Second, the vulnerability data used to calibrate the damage function are very uncertain, and could be improved using geographic data (e.g., assessing the influence of local elevation and value at risk on vulnerability). The method proposed by this paper, however, is a first step and suggests the possibility of a large increase in hurricane risk, when compared with previous estimates that suggested only moderate increases in hurricane damages (e.g., Cline 1992; Fankhauser 1995; Tol 1995; Nordhaus 2006).

It is likely that population change, economic growth, and asset location will remain the main drivers of hurricane losses in the future (e.g., Pielke et al. 2008). This does not mean, however, that the increase in hurricane risk due to climate change can be neglected in the analysis of climate policies. In particular, according to my results, additional hurricane damages due to climate change may be a noticeable component of the total climate change cost and significant relative to mitigation costs.3 It is, therefore, necessary to take hurricane risk into account when assessing the benefits of climate policies.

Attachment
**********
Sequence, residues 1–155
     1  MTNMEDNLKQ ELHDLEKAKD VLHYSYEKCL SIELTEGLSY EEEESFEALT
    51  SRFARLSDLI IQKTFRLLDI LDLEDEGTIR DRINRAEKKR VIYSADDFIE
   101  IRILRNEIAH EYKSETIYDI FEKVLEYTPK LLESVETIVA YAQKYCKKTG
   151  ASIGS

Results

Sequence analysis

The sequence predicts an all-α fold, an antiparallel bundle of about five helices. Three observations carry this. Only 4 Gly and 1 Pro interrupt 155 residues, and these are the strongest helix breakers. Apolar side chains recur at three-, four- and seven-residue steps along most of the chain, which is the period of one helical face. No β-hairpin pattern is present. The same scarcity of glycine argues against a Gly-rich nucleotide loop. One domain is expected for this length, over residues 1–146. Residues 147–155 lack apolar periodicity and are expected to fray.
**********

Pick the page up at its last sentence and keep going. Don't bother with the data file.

The 54% increase of hurricane direct economic losses found in this study hides another important component of hurricane damages. Indeed, as shown in Pielke and Pielke (1997), RMS (2005), Hallegatte et al. (2007), or Hallegatte (2006), total socioeconomic damages (including indirect impacts) can be much larger than direct losses. Indirect impacts are in fact highly nonlinear and involve a large set of complex processes like indirect economic impacts (demand surge, losses in tax revenues, losses of wages, reconstruction delays, etc.); lost lives and injuries; and economic and social destabilization. Some additional research is necessary to understand these indirect impacts and to assess how local economies would react to a 54% increase in annual direct hurricane losses.

Acknowledgments

I am very grateful to Kerry Emanuel, who developed the hurricane model and provided me with the sets of synthetic tracks, together with the necessary support on model results. Comments and suggestions from Roger A. Pielke Jr., Michael Mastrandrea, Julie A. Winkler, and three anonymous referees were also particularly useful. All remaining errors are my own. This research was supported by the European Commission’s Project 12975 (NEST) “Extreme Events: Causes and Consequences (E2–C2).”